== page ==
No sex, please, we’re superheroes. Catwoman admits that Batman is the only man she knows who’s worthy of even the possibility of her love, and after Batman saves her life at the end, she goes ahead and propositions him. She admits that she turned down dates with the Joker (doesn’t like the green hair) and the Penguin (too short). She’s also got the hots for the armored truck driver, and is very disappointed to learn that he’s happily married with three kids.
Na-na na-na na-na na-na na.
“You can’t get away from Batman that easy.”
“Good grammar is essential, Robin.”
“Thank you, Batman.”
–Robin taunting Catwoman, and Batman taking time out of the confrontation to impart an irrelevant lesson about grammar.
Trivial matters: This episode was discussed on The Batcave Podcast episode 20 by host John S. Drew with special guest chum, Robert Greenberger, author of The Complete Batman Encyclopedia.
At the Gotham State Building, Gordon and O’Hara see the two cat-burglars up on the roof from the street and initially ask if they’re birds or planes, a play on the old “Look, up in the sky!” bit used to open several dramatic Superman adaptations.
In a rare bit of episode-to-episode continuity, Gordon states that Catwoman is alive, since she was last seen on the TV series falling into a bottomless pit at the end of “Better Luck Next Time.”
An impressive collection of guest stars in this one: Bart Maverick his own self, Jack Kelly, plays O’Shea. A young James Brolin appears as the armored truck driver. And Edy Williams, an actor and model probably best known for her work with Russ Meyer (to whom she was also briefly married), appears as the server at the Pink Sandbox (she’ll be back in “The Devil’s Fingers” / “The Dead Ringers” later this season as Rae).
While Julie Newmar also plays the woman she impersonates in “The Cat and the Fiddle,” Burt Ward does not play Zubin Zucchini, who is instead played by David Fresco (albeit with his face hidden, so if you want to believe that Ward was a good enough actor to pull it off, you can fool yourself).
“The Catusi,” an amusing variation of the Batusi, is played by a band called Benedict Arnold and the Traitors, a play on the popular contemporary band Paul Revere and the Raiders. The latter group will appear in “Hizzoner the Penguin” later this season.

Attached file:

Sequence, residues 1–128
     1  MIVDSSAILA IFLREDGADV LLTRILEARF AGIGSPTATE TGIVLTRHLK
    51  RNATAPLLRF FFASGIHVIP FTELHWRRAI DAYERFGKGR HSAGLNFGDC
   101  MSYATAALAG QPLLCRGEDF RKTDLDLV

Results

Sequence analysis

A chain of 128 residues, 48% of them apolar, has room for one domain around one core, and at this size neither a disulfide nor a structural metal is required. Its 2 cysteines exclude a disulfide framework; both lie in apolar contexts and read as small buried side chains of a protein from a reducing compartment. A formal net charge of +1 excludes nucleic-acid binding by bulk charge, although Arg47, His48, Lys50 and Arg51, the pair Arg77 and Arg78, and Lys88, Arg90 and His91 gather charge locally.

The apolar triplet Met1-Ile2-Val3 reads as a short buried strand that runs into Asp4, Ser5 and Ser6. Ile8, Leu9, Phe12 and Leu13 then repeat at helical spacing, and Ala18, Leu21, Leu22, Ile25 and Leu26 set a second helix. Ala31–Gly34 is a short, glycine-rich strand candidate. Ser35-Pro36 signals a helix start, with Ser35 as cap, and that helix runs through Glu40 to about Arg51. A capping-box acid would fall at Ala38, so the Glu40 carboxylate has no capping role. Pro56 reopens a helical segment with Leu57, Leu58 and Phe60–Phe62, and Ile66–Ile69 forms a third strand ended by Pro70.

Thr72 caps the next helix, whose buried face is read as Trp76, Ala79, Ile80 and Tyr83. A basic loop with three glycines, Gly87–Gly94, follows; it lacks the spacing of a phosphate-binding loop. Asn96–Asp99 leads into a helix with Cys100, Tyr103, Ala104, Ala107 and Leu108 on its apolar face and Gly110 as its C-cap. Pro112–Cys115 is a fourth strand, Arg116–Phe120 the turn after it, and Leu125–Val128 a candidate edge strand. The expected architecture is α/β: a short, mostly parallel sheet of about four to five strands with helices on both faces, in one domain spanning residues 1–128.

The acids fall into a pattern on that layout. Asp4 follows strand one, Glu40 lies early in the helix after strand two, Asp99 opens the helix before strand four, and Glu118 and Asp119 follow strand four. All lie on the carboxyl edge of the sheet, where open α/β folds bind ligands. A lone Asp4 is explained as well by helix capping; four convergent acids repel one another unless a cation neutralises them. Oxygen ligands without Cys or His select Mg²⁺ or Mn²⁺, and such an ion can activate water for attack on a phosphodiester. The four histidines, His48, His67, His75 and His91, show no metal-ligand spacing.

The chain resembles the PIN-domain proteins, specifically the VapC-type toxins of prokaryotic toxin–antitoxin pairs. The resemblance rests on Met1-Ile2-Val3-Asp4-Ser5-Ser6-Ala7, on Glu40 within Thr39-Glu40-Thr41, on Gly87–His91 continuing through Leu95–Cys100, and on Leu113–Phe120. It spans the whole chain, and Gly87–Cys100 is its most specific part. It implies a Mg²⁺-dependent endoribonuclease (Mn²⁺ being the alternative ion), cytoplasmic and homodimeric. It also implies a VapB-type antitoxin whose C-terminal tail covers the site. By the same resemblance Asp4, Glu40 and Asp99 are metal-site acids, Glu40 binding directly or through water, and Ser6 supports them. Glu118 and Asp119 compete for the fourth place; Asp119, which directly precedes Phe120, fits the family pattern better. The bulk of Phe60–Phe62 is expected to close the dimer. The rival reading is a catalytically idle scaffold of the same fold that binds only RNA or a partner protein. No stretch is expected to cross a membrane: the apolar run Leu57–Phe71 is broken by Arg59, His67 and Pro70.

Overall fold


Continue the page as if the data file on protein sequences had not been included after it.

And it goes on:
Glob’s Drugstore is a play on Schwab’s Pharmacy, the eatery in Hollywood which was also used as the “office” of gossip columnist Sidney Skolsky in the 1930s. Skolsky was the person who popularized the nickname “Oscar” for the Academy Awards.
Pow! Biff! Zowie! “Maybe you can bully an aging mogul, but not me, Catwoman!” This two-parter is worth it just to watch Julie Newmar in action. She loses herself delightfully in the part, enjoying every slink, every meow, every raking of her claws. The entire sequence where she taunts the Dynamic Duo while they’re getting a hotfoot is worth it all by itself.
Having said that, this is a case where the two parts of the episode seem almost disconnected. The entire Stradivarius heist isn’t even hinted at in “Hot Off the Griddle” and the entire thing with Catwoman recruiting cat-burglars and training them in thievery has no kind of payoff in “The Cat and the Fiddle,” since the only thing the henchmen are good for in the second half is to get beaten up by Batman and Robin. Catwoman’s heist doesn’t require the henchmen in the least.
It’s nice to see that this episode actually embraces Catwoman’s role as a potential love interest for Batman, something that has been dealt with on and off and in many varying ways in the comics since she first appeared in Batman #1 in 1940. (True, the movie did it as well, but that interest was solely in Catwoman’s assumed persona of Kitka—as soon as Batman realized Kitka was Catwoman, all interest was gone.) Newmar flirts so outrageously, and it plays so well off Adam West doing his straightest-straight-man-in-the-universe act.
We’re also seeing more signs of the show’s self-consciousness, whether it’s Batman’s endless moralistic lessons for Robin (the parking meter, good grammar, not staring directly into the sun for fear of burning one’s retinas, etc.) or attempts to capture the zeitgiest of what the kids are into with the go-go dancing and “The Catusi” at the Pink Sandbox.
Still, just as with a weak Riddler episode, so too with a weak Catwoman episode: Newmar can cover a multitude of sins…
Keith R.A. DeCandido is pleased to see that his Thor novel Dueling with Giants (Book 1 in the Marvel’s Tales of Asgard trilogy) is now available in print form! The book should be available at finer bookstores everywhere (and crappy bookstores, too, no doubt) soon, and you can order it in print or eBook form various online dealers.